this is so wierd , but i was reading that octos have brainy arms,that have a mind of there own, and free will!!!
sorry, as much as most of u already know about octos, this probably does not surprise any 1,first time i heard about it, sounds cool, is this true?
Yes, cephalopods generally have their intelligence a lot more "spread out" than other smart animals. There have been some (mean) studies of how much an octo arm can do on its own, if separated from the animal, and they have some grasping and lifting behaviors, and the suckers each have their own ganglion, like a little brain, that makes simple decisions about what is good to grab onto or push away.
There were some studies that show that any learning happens in the brain in the head, though, so you can't teach a severed arm anything new. However, some of the behavior is decided out at the arm, and so the learning center doesn't have access to it. In particular, the octo can learn to react differently to rough and smooth things, because the arm sends that info back to the brain, but it can't learn to distinguish light and heavy, because the arm decides how much force to use to lift the object without telling the brain what it decided, so the "learning center" doesn't get a report from the arm as to how heavy the thing it picked up was. (That's the theory, anyway-- there may be other interpretations).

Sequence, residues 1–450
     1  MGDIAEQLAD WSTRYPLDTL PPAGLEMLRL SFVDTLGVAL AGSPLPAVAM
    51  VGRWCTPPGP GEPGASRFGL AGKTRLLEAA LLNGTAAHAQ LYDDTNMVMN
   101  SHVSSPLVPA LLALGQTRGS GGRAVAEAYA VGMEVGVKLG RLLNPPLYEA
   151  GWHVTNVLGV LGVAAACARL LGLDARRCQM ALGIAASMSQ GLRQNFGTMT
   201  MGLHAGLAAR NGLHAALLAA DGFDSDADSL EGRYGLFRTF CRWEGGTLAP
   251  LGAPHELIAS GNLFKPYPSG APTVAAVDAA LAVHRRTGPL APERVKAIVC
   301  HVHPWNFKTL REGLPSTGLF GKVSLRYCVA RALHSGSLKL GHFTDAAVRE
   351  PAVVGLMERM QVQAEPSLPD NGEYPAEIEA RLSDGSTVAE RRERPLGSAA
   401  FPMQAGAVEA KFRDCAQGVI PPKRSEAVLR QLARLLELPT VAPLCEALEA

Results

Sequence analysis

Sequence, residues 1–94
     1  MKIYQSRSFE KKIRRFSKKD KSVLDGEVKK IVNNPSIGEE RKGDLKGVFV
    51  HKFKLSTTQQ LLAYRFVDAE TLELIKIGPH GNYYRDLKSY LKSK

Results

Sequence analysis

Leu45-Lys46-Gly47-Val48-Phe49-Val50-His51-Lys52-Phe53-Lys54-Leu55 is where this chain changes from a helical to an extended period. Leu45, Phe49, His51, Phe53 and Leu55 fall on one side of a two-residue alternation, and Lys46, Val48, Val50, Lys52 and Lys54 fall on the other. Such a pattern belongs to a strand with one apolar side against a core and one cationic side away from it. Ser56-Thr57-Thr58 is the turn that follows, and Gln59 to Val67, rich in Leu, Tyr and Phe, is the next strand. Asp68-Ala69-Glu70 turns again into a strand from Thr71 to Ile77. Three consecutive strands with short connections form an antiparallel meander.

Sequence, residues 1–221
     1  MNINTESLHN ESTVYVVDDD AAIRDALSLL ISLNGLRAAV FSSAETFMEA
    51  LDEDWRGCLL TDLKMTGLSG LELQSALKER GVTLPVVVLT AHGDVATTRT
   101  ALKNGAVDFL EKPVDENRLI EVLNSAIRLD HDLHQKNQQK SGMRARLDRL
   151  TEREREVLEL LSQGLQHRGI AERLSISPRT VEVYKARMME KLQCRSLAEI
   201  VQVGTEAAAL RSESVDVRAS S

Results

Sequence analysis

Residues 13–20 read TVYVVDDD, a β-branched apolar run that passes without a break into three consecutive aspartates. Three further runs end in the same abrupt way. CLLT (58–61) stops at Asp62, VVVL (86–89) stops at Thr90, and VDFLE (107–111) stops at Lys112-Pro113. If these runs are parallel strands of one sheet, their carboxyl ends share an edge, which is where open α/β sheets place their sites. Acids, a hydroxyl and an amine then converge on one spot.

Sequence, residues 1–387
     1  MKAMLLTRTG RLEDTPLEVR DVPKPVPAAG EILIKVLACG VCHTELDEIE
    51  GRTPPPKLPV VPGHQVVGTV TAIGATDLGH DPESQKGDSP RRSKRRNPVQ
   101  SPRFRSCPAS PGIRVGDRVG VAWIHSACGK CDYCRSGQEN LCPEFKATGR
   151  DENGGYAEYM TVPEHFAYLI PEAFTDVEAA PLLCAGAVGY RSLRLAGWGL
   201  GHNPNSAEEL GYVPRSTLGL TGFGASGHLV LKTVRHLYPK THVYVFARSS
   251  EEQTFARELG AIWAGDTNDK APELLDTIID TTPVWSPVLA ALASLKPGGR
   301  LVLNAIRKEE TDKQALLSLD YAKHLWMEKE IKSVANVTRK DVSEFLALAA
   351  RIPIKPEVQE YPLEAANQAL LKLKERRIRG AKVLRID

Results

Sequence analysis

One of the things that fascinates me most about cephalopods is that they are really the only (unless you count the smartest insects as intelligent) intelligent animals that evolved completely independently from vertebrates like us, so if we want to learn about the possible different ways nervous systems might be, studying cephs is a great idea, since they had a completely independent path to solving the same "design" problems. It's frequently pointed out that octo eyes make more sense than human ones-- ours are "inside-out" in that light has to pass through some nerve cells before it gets to the sensors on the retina, while octos have the retinas on the outside where the light goes directly.
I posted a long rambling bit about this last year, tho I didn't mention the arms specifically:
I found the octo section of my "comparative nervous systems" class one of the more fascinating topics (although the whole class was good-- the prof, John Allman published a book on the topic, too, although I don't remember how much it has on ceph brains.)